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Reggie Ossé, better known to the hip-hop world as podcast host Combat Jack, has passed away from colon cancer. Chris Morrow, Ossé's friend and his co-founder of Loud Speaker Networks, confirmed his death, telling NPR that he died this morning at Mount Sinai Beth Israel Hospital in New York. Ossé was 53 years old.

In music and the culture it reflects, 2017 was predictably unpredictable: idols fell, empires shook, consensus was scarce. This conversation is one of five with artists, makers and thinkers whose work captured something unique about a chaotic year, and hinted at bigger revelations around the bend.

Camila Cabello got her start as one-fifth of Fifth Harmony, a group formed by music impresario Simon Cowell from girls who had auditioned for the music competition show The X Factor. The experience forced a teenage Cabello out of her shell and propelled her and her bandmates to pop stardom.

Connie Lim, who writes and records as MILCK, makes music for anyone who feels out of place in the world. Hers are songs of empowerment and cathartic healing for the displaced and brokenhearted.

Life can be a lot of things and convenient is rarely one of them. Hop Along's Frances Quinlan sings from this perspective on "How Simple," the Philly rock band's first single from their upcoming album, Bark Your Head Off, Dog.

Welcome to a rock 'n' roll reunion, with our guests The Dream Syndicate. In 2017, the band released its first new album since breaking up nearly 30 years ago.

At the end of last year, I spoke to bandleader Steve Wynn about the Syndicate's history. Steve formed the band in Los Angeles in the '80s, which he intended to be in opposition to the way he saw music changing. (For instance, people were putting their guitars down and picking up synthesizers and keytars.) This was happening in the mainstream, it was happening in the underground.

Steve was not into it.

WCBE is looking forward to the return of the Ben Miller Band to perform Live From Studio A

RCA Studio B is no longer the hit factory it was when it opened 60 years ago in Nashville. But some modern musicians are still recording there, seeking the signature sound that helped spur the careers of artists like Elvis Presley and Roy Orbison.

There must be some meaning to life if we still have music — it gives form to our existential dread, and sometimes you can dance to it. In just four short years, Nap Eyes have made much ado about meaninglessness with rock 'n' roll songs that shake just offbeat and smart lyrics wrapped in bemused ennui.

What the world needs now is another cat video. Seriously.

In March of 2016, just a handful of months after her debut album Sprained Ankle was released, Julien Baker came and played a quiet, thoughtful Tiny Desk concert that went on to become one of our most popular and certainly one of the most-talked-about Tiny Desk Concerts of the year. (It's now approaching two million views on YouTube alone.)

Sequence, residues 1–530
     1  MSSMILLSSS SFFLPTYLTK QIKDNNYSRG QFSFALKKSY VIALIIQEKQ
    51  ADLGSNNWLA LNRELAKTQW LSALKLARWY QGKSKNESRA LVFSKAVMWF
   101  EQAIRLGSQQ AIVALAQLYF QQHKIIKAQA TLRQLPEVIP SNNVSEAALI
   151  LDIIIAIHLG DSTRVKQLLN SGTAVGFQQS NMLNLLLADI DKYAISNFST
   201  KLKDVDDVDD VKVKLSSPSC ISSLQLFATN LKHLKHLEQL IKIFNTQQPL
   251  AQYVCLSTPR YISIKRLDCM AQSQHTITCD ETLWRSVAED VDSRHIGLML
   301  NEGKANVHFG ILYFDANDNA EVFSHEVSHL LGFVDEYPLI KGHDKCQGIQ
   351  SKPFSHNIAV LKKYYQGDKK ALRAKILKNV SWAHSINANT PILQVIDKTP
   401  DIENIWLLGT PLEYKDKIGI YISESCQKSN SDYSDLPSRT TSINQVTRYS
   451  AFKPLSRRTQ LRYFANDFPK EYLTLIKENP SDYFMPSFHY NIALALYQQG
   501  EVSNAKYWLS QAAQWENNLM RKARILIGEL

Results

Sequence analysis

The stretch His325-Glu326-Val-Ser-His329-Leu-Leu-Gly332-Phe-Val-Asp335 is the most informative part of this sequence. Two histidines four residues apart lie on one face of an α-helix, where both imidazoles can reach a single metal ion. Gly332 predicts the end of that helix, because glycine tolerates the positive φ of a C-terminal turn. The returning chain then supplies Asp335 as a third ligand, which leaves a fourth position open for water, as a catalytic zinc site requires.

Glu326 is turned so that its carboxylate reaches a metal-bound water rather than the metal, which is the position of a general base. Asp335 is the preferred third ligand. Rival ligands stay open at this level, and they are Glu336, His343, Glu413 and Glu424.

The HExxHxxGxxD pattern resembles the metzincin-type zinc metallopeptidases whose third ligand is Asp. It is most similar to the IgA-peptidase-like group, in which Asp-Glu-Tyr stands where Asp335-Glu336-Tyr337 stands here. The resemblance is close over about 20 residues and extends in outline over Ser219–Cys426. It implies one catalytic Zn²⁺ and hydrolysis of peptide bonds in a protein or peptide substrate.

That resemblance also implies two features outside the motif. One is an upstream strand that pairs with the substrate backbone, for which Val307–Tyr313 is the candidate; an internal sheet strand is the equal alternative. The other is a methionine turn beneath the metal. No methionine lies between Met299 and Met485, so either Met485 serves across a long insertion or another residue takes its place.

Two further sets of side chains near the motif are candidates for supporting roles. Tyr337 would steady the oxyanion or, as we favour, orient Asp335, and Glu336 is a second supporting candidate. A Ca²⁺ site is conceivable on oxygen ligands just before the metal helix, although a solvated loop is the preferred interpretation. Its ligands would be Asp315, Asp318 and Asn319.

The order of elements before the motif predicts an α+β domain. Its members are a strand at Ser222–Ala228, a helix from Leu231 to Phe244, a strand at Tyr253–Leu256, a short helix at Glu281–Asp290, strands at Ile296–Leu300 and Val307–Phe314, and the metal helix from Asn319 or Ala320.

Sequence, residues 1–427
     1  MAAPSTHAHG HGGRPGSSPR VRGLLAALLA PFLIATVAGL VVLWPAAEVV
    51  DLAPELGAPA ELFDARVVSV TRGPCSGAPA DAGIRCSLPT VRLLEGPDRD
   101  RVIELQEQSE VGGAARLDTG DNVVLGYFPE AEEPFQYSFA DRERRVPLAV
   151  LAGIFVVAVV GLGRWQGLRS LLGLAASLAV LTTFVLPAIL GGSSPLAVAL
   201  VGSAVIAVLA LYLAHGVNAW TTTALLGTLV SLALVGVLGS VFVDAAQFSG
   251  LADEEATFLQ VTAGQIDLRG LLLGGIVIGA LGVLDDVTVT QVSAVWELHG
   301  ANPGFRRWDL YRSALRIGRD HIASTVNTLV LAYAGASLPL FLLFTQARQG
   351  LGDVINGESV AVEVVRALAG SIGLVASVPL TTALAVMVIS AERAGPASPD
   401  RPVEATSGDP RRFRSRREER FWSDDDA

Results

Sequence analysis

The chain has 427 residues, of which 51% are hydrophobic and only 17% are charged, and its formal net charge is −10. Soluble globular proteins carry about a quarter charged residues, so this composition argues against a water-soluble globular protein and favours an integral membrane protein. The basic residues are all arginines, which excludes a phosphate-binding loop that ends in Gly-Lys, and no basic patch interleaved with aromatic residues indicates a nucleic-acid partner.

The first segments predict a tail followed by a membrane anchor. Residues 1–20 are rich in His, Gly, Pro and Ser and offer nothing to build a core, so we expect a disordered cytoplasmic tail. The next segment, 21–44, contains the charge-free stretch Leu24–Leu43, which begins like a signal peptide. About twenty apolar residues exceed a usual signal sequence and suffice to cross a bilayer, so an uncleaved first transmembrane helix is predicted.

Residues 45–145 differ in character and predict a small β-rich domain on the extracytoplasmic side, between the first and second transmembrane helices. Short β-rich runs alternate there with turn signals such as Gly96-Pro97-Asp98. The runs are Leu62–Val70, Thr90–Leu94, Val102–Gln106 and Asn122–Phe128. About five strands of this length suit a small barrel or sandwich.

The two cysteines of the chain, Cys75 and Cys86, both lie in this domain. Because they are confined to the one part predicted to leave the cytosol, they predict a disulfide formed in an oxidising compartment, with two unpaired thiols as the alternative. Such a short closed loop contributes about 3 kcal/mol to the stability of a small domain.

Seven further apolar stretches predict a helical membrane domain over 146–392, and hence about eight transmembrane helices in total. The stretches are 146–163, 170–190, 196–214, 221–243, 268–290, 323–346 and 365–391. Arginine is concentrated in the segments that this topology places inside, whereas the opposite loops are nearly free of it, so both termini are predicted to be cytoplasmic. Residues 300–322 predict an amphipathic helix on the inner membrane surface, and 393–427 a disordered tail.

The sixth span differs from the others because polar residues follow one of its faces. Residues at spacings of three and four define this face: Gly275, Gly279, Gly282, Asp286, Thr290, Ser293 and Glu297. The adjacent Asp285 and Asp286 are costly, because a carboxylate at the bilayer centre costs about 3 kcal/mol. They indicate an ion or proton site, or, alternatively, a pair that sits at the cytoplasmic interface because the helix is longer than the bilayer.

James Brown once said, "I've only got seventh grade education, but I have a doctorate in funk, and I like to put that to good use."

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TERRY GROSS, HOST:

This project was started to give young musicians a way to create music about social justice issues.

For more details, click here.

The second Paragon Project release, "Medicinal Music" has been completed, and the release show will be at the Columbus Performing Arts Center the evening of the 5th.

In the 1970s, William Eggleston shocked the New York art world when the Museum of Modern Art exhibited his color photographs (Until then, most
serious photography had been black and white). Eggleston's pictures of the everyday established color photography and turned him into an art star. At the age of 78, the Memphis native surprised people yet again by releasing his first body of original music last October, an album titled Musik.

NPR's Noel King and David Greene look back on a year of great music releases with writers who cover the various genres.

Lee Ann Womack, The Lonely, the Lonesome & the Gone

"Lee Ann Womack is sort of a modern traditionalist; she was a mainstream hitmaker in the late 90's, and she's in a different phase of her career now. With this particular album, she kind of is trying to get to what she feels like is the emotional core of country music: it's melancholy." - Jewly Hight

Every year around this time, the jazz community takes the measure of its highlights and bright moments — along with a tally of its losses. And while it's true that important jazz artists leave us every year, 2017 was tougher than most.

You know when somebody has that special something? The star quality you can't really describe but it's just there? Jidenna has that something.

Regardless of how much we acknowledge that group-movement to a centralized rhythm is medicine for the soul, some emotional climates simply aren't conducive to reaching a singular moment of exultation and release on the dance floor. Across much of the world, 2017 sure as heck didn't feel like the right year for the ecstatic. So then, the question is: what to do? One answer arrived at in our listening was to get planning.

This was an excellent year for jazz on record, across every possible iteration of style. (If you're seeking evidence for the claim, consult the 2017 NPR Music Jazz Critics Poll.) But it's always worth pointing out that albums only tell part of the story, which often assumes different dimensions at street level, where the music pulses in real time.

In Pictures: Sharon Jones Remembered

Dec 19, 2017

Jacob Blickenstaff is a New York-based music photographer who worked with Sharon Jones and The Dap-Kings extensively since 2009. Here, he shares archival shots of the dearly departed star. Jones' posthumous album with The Dap-Kings, Soul of a Woman, was released by Daptone Records in November.

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